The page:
Things to Do

9 Places to See Elaborate, Towering Christmas Trees Around DC

View the bedazzled pines at the Wharf, Union Station, and other spots around town.

United States Capitol Christmas Tree. Photograph by John Baggaley/Getty.

It’s the most wonderful time of the year! Dress up in your best holiday sweater, and head to a neighborhood hotel, eatery, or plaza to snap a photo near one of these towering beauties.


location_on 900 F St., NW

language Website

The tree at Riggs. Photo by Jeff Hodson.
Photograph by Jeff Hodson.

Luxury brand Lingua Franca decked out this Penn Quarter hotel’s hand-stitched tree. The ombre craftsmanship presents embroidered and crocheted luxe garlands that flash hues of pink, purple, orange, and blue amid crystal ornaments. There are historical nods embedded into the design, embroidery hoops engraved with quotes from women leaders, and a reference to a Roman goddess.


Union Station

location_on 50 Massachusetts Ave., NE

language Website

Photograph by Amy Sparwasser/Getty.

Since 1997, Norway and the US have commemorated their strong friendship with the lighting of a Norwegian Christmas tree. The lofty tree graces the train station’s Main Hall, with mini flags honoring both Norway and the United States. Also, don’t miss the festive wreaths on the building’s facade.


US Capitol

location_on First St., NW, between Northwest and Southwest Drivesforest s

language Website

Photograph by John Brighenti/Flickr.

The US Capitol is known for displaying some of the area’s largest decorative trunks. For more than 50 years, the Forest Service has continued a tradition of supplying the legislative building with a tree from a different state. This year’s 63-foot-tall Norway spruce comes from West Virginia’s Monongahela National Forest. You can view the People’s Tree shining on the West Lawn until the New Year.


National Christmas Tree

location_on The Ellipse, 1600 Pennsylvania Ave., NW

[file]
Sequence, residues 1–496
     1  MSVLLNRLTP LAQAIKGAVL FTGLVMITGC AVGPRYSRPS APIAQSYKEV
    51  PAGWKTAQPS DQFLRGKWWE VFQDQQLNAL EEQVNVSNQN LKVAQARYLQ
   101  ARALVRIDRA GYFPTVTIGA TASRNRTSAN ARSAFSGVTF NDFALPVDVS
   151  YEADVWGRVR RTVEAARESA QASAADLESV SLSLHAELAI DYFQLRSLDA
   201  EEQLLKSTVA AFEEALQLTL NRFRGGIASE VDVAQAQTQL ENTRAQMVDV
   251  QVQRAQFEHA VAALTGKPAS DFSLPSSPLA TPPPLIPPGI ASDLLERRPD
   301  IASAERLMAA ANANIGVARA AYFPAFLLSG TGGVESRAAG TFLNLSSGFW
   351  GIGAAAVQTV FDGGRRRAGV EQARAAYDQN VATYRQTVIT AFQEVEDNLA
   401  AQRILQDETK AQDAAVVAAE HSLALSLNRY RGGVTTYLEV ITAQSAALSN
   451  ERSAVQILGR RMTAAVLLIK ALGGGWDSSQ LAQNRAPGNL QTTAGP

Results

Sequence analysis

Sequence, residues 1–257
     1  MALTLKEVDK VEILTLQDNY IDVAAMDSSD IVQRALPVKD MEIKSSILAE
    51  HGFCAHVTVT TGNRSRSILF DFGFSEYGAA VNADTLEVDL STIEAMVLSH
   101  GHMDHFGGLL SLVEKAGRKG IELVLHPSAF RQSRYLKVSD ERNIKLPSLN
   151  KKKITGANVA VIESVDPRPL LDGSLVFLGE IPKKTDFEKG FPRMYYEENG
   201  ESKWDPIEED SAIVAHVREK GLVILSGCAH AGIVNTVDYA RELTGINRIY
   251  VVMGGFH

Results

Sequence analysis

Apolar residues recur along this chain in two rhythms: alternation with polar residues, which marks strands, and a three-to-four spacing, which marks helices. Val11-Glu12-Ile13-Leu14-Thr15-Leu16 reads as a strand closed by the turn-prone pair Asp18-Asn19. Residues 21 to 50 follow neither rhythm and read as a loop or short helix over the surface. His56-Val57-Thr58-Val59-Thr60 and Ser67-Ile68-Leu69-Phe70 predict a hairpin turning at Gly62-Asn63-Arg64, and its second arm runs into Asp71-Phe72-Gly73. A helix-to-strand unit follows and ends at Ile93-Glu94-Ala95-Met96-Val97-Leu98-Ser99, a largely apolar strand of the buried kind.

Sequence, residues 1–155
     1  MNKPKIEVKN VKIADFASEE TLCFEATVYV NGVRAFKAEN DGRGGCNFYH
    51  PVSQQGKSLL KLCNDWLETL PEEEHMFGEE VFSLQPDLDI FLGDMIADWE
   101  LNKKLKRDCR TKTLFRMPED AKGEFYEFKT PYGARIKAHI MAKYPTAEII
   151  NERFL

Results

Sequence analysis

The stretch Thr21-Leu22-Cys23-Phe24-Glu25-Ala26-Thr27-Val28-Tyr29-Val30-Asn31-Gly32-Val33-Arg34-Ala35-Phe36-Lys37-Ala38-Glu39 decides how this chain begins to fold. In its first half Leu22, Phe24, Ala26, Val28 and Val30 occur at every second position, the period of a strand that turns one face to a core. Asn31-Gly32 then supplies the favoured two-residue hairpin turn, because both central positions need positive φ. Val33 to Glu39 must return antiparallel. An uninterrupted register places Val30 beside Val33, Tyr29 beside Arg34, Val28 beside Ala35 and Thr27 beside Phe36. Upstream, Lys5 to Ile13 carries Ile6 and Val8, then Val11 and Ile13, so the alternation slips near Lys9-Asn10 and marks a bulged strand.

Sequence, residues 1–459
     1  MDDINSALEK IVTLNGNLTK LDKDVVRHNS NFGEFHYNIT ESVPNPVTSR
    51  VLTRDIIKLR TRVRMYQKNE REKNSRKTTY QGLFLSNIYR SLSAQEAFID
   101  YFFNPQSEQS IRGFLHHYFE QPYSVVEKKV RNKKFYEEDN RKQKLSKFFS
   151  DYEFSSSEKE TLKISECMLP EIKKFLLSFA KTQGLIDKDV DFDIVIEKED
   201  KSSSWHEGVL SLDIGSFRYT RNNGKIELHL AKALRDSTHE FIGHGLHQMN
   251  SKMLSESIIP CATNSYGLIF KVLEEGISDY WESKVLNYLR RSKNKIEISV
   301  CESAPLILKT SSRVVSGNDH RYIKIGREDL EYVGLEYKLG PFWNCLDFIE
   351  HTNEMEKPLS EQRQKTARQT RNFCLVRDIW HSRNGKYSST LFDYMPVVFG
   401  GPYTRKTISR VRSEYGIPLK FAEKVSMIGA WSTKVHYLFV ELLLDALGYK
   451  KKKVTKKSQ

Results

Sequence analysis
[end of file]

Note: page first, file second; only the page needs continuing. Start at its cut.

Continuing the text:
language Website

Photograph by Kelsey Graczyk/NPS.

From 10 AM to 10 PM every day on the Ellipse, spectators can explore 58 decorated trees along the Pathway of Peace encircling a 40-foot-tall Norway spruce from Monongahela National Forest in West Virginia. The ornaments are one-of-a-kind—they’re designed by students from each state and territory.


Canadian Embassy

location_on 501 Pennsylvania Ave., NW

language Website

Photograph by Jason Vines/Flickr.

This year’s holiday tree from Canada can be spotted in the open rotunda of the Canadian Embassy. The balsam fir is decked out in glowing red and green lights.


Willard InterContinental

location_on 1401 Maryland Ave., SW

language Website

Photograph courtesy of Willard Hotel.
Photograph courtesy of Willard Hotel.

Upscale decor and dazzling trees line the halls of DC’s Willard InterContinental. Hotel visitors can observe the glitz and glamour of the main tree, in the lobby, featuring cream and gold ornaments and holiday bells.



location_on 1098 New York Ave., NW

language Website

Photograph courtesy of CityCenterDC.

This season is CityCenterDC’s 10th annual tree lighting. To mark the occasion, the plaza is installing nine-foot artistic trees to accompany the colossal 75-foot evergreen sapling. The smaller trees are vibrant conceptions from DC creators Maggie O’Neill, Annie Broderick, and No Kings Collective.



location_on 1602 17th St., NW

language Website

The Dupont Circle Italian restaurant commissioned local designer and bar owner Dito Sevilla to Vogue-out their Christmas tree. Stop by the eatery to see Vogue Magazine covers from all your favorite fashion trends being repurposed as ornaments. Also, Sevilla’s Dolly Parton-themed tree at The Little Gay Pub is picture-perfect for anyone looking to add pink to their winter photos.


The Wharf

location_on 101 District Sq., SW

language Website

Photograph courtesy of the Wharf.

The Wharf is a one-stop shop for all things holiday, welcoming guests for ice skating, s’mores, and more. In addition to the festive activities, there are two trees. One is a 45-foot-tall spruce guarded by nutcrackers on District Pier. The other, on Market Pier, is a “tree” built with more than 100 Jack Daniel’s whiskey barrels from Tennessee.

Briana A. Thomas is a local journalist, historian, and tour guide who specializes in the research of D.C. history and culture. She is the author of the Black history book, Black Broadway in Washington, D.C., a story that was first published in Washingtonian in 2016.